THAILAND’S government struggled to defend itself yesterday against charges that it was ignoring slavery and forced labour in its shrimp industry.
Press reports last week revealed gross exploitation of forced labour in the industry.
But government spokesman Sansern Kaewkamnerd — flanked by police, navy and other officials — held a press conference to answer the claims.
He claimed that the government had already been aware of slavery in the industry before the report was released on December 14.
“The report said that government officials ignore this matter … This is not the truth,” he said.
“Authorities found it first,” he insisted, adding that the Thai government wanted the shrimp industry to have “proper working conditions according to international laws.”
Thailand is one of the world’s biggest shrimp providers and its export industry is estimated to bring in about £4.7 billion annually.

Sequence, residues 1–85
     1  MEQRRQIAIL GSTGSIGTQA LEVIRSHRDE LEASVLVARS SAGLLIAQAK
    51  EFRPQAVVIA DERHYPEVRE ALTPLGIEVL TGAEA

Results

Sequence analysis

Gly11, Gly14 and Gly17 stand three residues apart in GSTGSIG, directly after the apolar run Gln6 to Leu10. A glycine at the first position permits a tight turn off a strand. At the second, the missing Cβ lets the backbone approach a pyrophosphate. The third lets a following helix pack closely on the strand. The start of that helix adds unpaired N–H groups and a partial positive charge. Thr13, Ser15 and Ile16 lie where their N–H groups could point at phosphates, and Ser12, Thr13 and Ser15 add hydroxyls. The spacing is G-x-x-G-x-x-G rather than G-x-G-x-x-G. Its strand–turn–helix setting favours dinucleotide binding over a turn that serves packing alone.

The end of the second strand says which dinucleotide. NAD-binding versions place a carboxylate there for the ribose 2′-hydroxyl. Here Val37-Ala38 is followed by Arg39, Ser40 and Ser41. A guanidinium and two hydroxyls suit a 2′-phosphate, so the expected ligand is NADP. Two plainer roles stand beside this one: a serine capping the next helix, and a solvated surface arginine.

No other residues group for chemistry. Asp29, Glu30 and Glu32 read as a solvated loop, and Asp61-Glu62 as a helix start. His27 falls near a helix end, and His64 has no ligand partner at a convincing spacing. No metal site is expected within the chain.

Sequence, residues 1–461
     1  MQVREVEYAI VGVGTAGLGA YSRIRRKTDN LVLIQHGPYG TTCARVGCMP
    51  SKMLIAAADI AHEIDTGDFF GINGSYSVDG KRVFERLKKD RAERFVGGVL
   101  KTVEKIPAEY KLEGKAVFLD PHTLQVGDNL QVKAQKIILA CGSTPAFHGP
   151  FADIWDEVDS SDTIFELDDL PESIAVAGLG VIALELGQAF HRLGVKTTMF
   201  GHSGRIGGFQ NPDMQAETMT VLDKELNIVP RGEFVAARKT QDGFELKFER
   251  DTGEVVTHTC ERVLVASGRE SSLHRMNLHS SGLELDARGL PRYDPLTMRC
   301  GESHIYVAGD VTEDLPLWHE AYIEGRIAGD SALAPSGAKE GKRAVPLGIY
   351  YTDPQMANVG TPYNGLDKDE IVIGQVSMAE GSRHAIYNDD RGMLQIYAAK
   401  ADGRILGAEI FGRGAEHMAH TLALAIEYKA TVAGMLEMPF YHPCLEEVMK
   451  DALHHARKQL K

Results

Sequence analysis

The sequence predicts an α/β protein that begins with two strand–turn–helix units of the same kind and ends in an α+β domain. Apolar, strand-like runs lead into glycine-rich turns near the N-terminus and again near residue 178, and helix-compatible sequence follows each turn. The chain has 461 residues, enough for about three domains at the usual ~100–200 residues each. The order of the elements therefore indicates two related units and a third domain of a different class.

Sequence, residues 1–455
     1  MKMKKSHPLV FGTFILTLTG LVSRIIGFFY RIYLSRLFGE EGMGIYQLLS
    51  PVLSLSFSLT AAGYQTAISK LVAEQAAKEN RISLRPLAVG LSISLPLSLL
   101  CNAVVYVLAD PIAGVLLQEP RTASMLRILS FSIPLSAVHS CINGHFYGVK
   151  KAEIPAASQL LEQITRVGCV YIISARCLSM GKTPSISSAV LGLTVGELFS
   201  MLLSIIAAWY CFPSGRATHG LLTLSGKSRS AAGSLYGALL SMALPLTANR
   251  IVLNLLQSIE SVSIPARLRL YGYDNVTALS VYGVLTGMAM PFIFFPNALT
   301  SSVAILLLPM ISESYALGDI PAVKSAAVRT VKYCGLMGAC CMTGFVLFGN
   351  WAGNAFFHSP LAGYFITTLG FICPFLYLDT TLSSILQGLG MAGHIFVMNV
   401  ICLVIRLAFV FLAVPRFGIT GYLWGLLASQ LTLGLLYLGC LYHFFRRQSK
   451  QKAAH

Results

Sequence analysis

An Associated Press report revealed the widespread use of undocumented migrant labourers, many from neighbouring Myanmar.
Many labourers ended up being tricked or sold into shrimp-peeling sheds where they were forced to work 16-hour days with no time off and little or no pay for sometimes years at a time.
Many workers are held eunder debt bondage, forced to repay money the company gave to the agents who sold them.
Some end up locked inside. Others are allowed to go out, but only if they leave their children or spouse behind as a guarantee against running away.
Mr Sancern did not deny the existence of forced labour.
But he disputed parts of the story, especially claims that police took bribes and turned a blind eye.
“This is not true,” he said without elaborating.
The reports have led to a dozen arrests, millions of pounds’ worth of seizures and proposals for new laws.
And police anti-human trafficking division chief Kornchai Klayklueng admitted that “a number of things, including the report about debt-bound labourers, interest us. We are looking into it and will prosecute.”